Gone are the days when $10 bought any shelter dog with no questions asked. Nowadays, prepare for an extensive interview. Are you the perfect owner for that perfect pet?
Staff at the animal shelter sees them coming. Mom, dad, children, and travel carrier. They’ve come to do a good deed. They’ve come to adopt a homeless pet.
After a few hours of inspecting all the adoptive pets, choosing two or three, and spending time with each in the “get to know you” room, the wallet and travel carrier door are flung open. The perfect pet has been chosen. Their good deed is about to begin. How much is that doggie in that cage over there?
You Choose the Pet. But Does the Shelter Choose You?
Thankfully for everyone (especially the animal), adopting a pet isn’t as easy as it used to be. Shelters are often over-crowded, under-funded, and under-staffed, but their first concern is securing the best possible future for each animal in their care. And since that animal isn’t allowed the luxury of choosing its new owners, a staff member or two will make that decision on their behalf.
Close the wallet, pick up a pen, fill out that questionnaire, and prepare for further grilling. Shelters aren’t willing to “give it a try” at the animal’s expense. If you, your family, your lifestyle, or any of your answers do not match the shelter’s mandate, you’ll be going home with an empty travel carrier and a new understanding that these facilities aren’t necessarily the easiest route to obtain a new pet for a good reason.
I do have mixed feelings about this. I have heard from many readers who have complained about how hard it is to get a chihuahua from a shelter or rescue and they would be awesome pet parents. But for one reason or another, they were denied.
Children at Home may be Too Young
While your children may be the most responsible, the most compassionate, and the most animal-loving people in the world, the shelter may err on the side of caution based on their ages. In doing so, they can pass up a great home. It’s a risk they’re willing to take on behalf of the animal.
This is specially a concern with toy breeds like chihuahuas. Not only can they be easily injured by a small child, but they can also bite the child out of fear.
A playful pull on the tail or overly-rambunctious play could result in injury to the pet, which, in turn, can result in injury to the child.
Most kids don’t intend to be cruel; they’re simply being kids. Most animals don’t intend to bite; they’re simply defending themselves. W
hen children and pets are together, they must be supervised by an adult at all times. Even the most well-intentioned adult can’t be on duty all day, every day.
Staff may have problems with your lifestyle: do you have time for that dog?
Your philosophies may not match those of the shelter: do you intend to have that cat de-clawed?
Does anyone in the home suffer from allergies to animal dander? Does everyone in the home agree that a new pet is a good idea?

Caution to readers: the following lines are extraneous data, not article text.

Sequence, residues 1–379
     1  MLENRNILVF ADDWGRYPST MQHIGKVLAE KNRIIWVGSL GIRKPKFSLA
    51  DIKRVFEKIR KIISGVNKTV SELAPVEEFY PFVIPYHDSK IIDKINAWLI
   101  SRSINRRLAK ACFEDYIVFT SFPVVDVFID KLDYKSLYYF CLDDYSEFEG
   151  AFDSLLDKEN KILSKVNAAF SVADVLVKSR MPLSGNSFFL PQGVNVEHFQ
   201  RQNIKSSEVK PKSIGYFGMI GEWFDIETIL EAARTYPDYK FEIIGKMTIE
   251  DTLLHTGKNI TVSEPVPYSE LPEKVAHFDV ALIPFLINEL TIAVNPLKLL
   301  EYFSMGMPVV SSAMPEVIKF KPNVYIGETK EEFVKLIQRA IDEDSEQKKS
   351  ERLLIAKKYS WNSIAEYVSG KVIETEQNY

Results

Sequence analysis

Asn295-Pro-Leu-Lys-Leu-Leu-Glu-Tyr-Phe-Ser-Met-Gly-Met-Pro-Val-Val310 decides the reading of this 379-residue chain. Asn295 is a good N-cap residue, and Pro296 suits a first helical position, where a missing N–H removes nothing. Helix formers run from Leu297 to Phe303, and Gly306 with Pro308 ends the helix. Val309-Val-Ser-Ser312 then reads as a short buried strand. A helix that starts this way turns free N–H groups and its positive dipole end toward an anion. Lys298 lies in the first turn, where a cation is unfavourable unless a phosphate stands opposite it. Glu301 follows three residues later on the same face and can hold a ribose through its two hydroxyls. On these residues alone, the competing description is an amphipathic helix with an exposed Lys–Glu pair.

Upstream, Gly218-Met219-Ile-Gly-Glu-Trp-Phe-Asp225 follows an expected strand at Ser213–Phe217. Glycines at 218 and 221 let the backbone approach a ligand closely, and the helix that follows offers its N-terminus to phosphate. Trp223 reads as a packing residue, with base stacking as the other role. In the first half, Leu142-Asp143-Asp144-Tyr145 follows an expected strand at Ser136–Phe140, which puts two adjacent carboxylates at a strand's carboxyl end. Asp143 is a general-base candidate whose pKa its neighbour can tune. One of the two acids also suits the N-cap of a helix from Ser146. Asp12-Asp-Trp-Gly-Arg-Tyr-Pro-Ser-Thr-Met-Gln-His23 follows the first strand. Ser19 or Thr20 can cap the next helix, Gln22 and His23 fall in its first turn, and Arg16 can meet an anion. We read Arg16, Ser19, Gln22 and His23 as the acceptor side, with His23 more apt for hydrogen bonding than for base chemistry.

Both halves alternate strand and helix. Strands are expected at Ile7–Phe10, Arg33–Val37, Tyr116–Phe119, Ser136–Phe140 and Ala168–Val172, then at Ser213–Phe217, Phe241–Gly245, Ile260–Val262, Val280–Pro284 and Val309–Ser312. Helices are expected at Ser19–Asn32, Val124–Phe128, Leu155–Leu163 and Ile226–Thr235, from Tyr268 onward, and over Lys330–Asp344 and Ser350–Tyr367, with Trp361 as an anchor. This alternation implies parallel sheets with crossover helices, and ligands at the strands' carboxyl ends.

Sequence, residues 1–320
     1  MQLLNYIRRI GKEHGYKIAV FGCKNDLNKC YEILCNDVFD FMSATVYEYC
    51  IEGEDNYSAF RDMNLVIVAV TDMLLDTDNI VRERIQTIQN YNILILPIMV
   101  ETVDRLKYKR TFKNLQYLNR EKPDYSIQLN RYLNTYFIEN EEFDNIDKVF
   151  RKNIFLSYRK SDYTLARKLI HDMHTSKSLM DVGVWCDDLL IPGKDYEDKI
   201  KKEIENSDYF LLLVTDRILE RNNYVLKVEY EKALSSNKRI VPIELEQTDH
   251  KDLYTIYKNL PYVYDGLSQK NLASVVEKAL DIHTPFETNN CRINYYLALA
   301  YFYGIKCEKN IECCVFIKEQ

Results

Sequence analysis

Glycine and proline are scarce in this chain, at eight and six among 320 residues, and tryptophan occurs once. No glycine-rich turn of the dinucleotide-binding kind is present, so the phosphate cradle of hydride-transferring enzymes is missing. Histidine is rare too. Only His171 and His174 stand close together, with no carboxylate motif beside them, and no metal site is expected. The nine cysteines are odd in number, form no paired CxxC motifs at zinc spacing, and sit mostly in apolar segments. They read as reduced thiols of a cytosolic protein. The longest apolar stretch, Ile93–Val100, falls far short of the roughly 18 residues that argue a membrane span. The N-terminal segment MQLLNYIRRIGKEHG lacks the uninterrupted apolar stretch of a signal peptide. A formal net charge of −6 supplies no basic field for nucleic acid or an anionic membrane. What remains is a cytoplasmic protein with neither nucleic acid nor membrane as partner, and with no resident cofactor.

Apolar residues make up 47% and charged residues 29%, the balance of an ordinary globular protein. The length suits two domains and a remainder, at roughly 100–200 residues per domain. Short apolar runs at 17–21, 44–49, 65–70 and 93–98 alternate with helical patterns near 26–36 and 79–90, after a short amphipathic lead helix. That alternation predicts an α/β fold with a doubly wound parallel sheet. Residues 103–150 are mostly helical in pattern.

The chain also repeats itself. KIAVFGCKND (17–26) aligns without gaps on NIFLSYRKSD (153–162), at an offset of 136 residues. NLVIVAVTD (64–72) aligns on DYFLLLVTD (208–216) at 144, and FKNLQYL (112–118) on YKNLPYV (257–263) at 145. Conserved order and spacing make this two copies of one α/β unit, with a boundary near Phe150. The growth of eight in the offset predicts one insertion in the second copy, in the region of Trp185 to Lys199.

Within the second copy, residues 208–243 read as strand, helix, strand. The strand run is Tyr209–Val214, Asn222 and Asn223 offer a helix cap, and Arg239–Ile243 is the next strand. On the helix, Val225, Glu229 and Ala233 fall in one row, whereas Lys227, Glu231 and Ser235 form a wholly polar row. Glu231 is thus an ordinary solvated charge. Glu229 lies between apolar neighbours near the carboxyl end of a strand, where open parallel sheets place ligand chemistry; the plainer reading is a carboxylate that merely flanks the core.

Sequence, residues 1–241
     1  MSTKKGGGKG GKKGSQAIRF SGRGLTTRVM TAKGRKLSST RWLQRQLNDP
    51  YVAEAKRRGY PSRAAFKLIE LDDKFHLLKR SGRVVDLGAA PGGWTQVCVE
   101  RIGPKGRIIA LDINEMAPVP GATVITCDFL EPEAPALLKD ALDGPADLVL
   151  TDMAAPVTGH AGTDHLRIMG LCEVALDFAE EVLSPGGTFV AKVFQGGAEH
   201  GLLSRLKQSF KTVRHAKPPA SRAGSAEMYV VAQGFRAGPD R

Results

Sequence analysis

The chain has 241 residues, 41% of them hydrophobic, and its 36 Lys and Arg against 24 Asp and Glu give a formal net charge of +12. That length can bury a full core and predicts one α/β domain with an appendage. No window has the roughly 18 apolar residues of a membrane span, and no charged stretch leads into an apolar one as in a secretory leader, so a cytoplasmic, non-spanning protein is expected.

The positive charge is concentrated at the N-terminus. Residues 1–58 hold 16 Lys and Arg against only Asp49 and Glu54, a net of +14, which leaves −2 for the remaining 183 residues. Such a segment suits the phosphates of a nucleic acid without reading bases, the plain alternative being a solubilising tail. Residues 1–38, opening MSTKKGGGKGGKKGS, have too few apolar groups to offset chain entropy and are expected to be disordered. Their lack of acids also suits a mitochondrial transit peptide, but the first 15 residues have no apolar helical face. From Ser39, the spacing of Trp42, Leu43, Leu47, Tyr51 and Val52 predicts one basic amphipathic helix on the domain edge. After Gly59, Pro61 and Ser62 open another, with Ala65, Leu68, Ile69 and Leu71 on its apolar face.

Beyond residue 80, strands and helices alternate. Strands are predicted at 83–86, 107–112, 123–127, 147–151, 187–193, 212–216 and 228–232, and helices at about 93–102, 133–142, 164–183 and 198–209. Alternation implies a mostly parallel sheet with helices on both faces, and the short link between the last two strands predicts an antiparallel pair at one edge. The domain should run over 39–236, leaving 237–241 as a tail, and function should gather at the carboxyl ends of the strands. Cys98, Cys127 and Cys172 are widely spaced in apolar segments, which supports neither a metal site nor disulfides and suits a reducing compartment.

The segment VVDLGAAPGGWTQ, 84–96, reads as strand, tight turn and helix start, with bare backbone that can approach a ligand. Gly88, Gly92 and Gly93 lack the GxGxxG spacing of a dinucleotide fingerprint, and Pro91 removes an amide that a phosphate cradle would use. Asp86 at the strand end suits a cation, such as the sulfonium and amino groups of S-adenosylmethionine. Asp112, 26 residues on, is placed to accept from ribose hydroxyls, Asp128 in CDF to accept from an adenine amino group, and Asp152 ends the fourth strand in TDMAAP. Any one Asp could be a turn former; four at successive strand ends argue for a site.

Your choice of a pet may be in question: have you ever owned a dog like that? Have you researched the breed?
Shelter workers, based on years of experience, are able to identify wrong matches more clearly than the general public. They may seem overly-cautious, and sometimes the questionnaires and interview techniques seem over-the-top and unreasonable. But it’s not a personal attack on the potential adopter or individual home or lifestyle situations. It’s simply their way of protecting the pets and reducing the number of returns because they weren’t the best fit.
Buying an Animal From a Pet Store… Not a Good Plan
Pet stores that sell animals take money easily and ask no questions. These pets are usually offered at exorbitant prices, and, more often than not, their pups are products of puppy mills.
Some people think they’re “rescuing” animals in this situation, but, in reality, they’ve simply become a link in the chain. As each pup is sold, the mill replaces it with another.
Look for Shelter Adoption Days at Local Pet Stores
The only exception is stores that provide space to local animal shelters. These shops often promote pet shelter adoption days with staff on hand to interview potential owners.
he pet is adopted from the shelter at the store, but not through the store’s cash register. PetSmart and PetCo participate in this and I’m sure other pet stores do too.
Buying from a Breeder: Research… then Wait
Buying from a breeder can be an alternative, specially if you have your heart set on a particular breed and you can not find it at your local shelter, but only after extensive research. Ask for recommendations from veterinarians and other owners of pets from this breeder, then prepare to wait – sometimes for years – for the next available litter.
Rejection Can Result in Great Learning Opportunities
People who have been turned down by a shelter often feel that their intentions or abilities have been misunderstood or misjudged. This is possible.
Here’s an idea: ask about volunteer possibilities for you and your children. The shelter may also run educational programs. When the staff gets to know you and your family, re-apply for adoption.
Bonus: you and your kids will be helping animals and learning more about them while waiting for the perfect pet to become available for adoption.
Other posts you may want to read:
Have you had a problem adopting a dog from a shelter or rescue? Tell us your story in the comments!